Smart cities: the promise of public-private co-operation

City policy-makers need to revisit the approaches they adopted to combat urbanization challenges. Traditionally, the provision of urban infrastructure and services to meet people’s basic needs, local economic development and environmental protection has been the exclusive province of the public sector. Urbanization dynamics have evolved over time and call for a transition to a more collaborative approach enabling the private sector, civil society and academia to participate and be a partner in bringing about the desired transformation.

The figure below depicts the four stages of a city’s development. Cities need to identify their current stage and the future transformational initiatives they plan to adopt to climb the development ladder at a rate that is commensurate with the pace of urbanization.

http://smartcityhub.com/governance-economy/smart-cities-the-promise-of-public-private-co-operation/

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Jim Bowes's picture
Jim Bowes

I could not agree more! However, in my experience even getting a foot in the door to talk to cities can be nearly impossible. I have for 8 years worked towards helping cities reduce the huge, negative impact that outdoor advertising has on our cities.

In just the EU alone, the outdoor media industry consumes huge qualities of natural resources. In just paper alone the amount is equal to a one meter wide piece of paper that wraps our planet 3.9 times each year. Average life cycle 12 days.
In Amsterdam it is estimated that the outdoor media industry generates 7,000 to 9,000 tons of greenhouse gases.

Instead of Amsterdam looking at the benefits of natural-media (techniques that use water, sand, clay, chalk and plants to create messages) they are currently working towards banning it for commercial purposes while the giant outdoor media companies are being protected and given even more leeway. Sure, digital screens will reduce the waste of posters but each screen consumes as much electricity as 2 average Dutch homes. 600 mupis means 1200 2m2 tv screen blasting away with moving images 24/7/365. They will consume as much energy as 2400 houses in Amsterdam. Progress?

Outdoor media pays a lot of money to cities around the globe and therefore buy a lot of influence (they play a positive role in providing street furniture and that is great). I am not against them though I do think that exclusive multi-year contracts discourage innovation as once secured there is no reason to do anything but the bare minimum to leverage profits.

Back on topic. In order for private-public co-operation to succeed, city officials (decision makers not worker bees) need to be accessible to the private sector and we need to get rid of this crazy idea that when businesses work with cities to propose solutions those companies can no longer be granted business for fear of corruption charges. Nonsense!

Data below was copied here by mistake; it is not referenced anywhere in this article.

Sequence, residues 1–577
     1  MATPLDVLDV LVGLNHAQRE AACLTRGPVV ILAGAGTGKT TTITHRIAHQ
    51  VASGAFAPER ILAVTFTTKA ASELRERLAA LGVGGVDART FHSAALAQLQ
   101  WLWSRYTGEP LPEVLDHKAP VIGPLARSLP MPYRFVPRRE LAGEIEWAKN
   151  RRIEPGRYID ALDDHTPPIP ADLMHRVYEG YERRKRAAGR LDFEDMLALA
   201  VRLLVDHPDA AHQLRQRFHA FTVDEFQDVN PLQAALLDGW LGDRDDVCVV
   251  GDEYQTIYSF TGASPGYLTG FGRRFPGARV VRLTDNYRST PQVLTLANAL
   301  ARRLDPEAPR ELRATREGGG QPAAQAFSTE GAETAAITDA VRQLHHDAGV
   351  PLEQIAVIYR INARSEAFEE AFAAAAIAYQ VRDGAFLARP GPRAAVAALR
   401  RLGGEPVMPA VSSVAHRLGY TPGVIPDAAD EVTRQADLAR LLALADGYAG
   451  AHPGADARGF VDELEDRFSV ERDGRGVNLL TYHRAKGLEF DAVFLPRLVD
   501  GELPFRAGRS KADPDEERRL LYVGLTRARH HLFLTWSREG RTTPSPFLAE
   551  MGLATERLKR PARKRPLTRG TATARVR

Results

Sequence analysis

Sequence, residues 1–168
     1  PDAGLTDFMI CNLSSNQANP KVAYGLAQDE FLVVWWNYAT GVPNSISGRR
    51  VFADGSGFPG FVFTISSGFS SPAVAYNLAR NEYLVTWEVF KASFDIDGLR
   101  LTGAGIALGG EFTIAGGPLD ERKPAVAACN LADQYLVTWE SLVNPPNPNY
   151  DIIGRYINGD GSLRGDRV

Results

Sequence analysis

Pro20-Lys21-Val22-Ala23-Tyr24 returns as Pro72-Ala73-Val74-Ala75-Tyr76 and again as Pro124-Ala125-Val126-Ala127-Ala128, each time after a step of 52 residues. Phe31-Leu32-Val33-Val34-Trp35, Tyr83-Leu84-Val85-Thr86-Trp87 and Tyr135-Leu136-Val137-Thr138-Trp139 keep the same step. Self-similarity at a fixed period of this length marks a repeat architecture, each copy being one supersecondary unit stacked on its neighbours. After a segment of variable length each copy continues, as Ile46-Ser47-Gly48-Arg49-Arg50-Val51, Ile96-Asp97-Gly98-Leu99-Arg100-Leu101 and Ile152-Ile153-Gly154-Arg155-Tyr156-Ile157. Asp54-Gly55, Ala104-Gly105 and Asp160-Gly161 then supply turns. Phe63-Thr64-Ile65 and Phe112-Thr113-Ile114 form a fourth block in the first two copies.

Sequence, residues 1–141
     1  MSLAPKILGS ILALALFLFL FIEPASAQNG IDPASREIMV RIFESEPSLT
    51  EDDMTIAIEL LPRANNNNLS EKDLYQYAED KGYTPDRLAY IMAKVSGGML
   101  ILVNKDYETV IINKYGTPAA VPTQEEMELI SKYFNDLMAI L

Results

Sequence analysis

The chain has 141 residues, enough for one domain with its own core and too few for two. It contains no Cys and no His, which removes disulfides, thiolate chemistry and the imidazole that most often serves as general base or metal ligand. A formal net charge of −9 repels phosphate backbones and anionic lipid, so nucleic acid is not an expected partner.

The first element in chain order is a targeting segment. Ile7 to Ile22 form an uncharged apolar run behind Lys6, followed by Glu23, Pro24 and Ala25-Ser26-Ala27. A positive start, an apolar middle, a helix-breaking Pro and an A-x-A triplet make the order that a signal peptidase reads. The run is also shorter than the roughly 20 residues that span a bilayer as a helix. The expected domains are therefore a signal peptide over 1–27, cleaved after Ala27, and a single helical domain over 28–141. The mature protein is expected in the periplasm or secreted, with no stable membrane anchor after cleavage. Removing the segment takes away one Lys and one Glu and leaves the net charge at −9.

The public and private sector have a lot to contribute. We have specialised knowledge, we are innovative and flexible and most of us sincerely want to help make our cities a better place to live but in order for that to work, cities need open up, roll up their sleeves and be prepared to have to invest time and energy (though most private companies are willing to do most of the work).

We can do this. Many of us are begging to be involved. I for one would love to help my city but it takes two to tango and so far I have only been dancing alone.

Note: credit where credit is due. Amsterdam IS considering officially allowing natural-media for their own communication purposes and that is a great step forward. I hope that this will lead to reconsidering the ban because the fact is, Amsterdam manages 1000 times more potential media space (dirty horizontal surfaces). These spaces are a very valuable public assets that could be used to help meet budget shortfalls, fund education, healthcare or even be used to clean our cities. We the citizens of our cities pay for cities to manage the public space for us so we should also earn from it.

Here's my TedX talk from a few years ago talking about how our dirty public spaces are actually incredibly valuable public assets.
https://youtu.be/X0GUKwlU_5M

Herman van den Bosch's picture
Herman van den Bosch

After reading this article I felt uneasy. Let's scrutinise one sentence: "It is essential for the public sector to co-create by fostering comprehensive engagements with knowledge institutes, NGOs/civil society, citizens and especially the private sector." This phrase suggest an all-mighty governmental body that is arranging the contribution of stakeholders to some set of goals. Citizens are one of these stakeholders together with academia and 'especially' (sic) the private sector. This is a very minimalistic view of citizens. I prefer to reverse the picture. If we consider cities as democracies, the citizens are setting the goals, not necessarily as a homogeneous group but also as localised independent communities that create their own spaces. The government of a city (mayor, aldermen and city council) is an initiating and enabling body within the limits of the mandate handed by the citizens. The government of the city never ever should identify with the board of a company. I would not object to the reverse!

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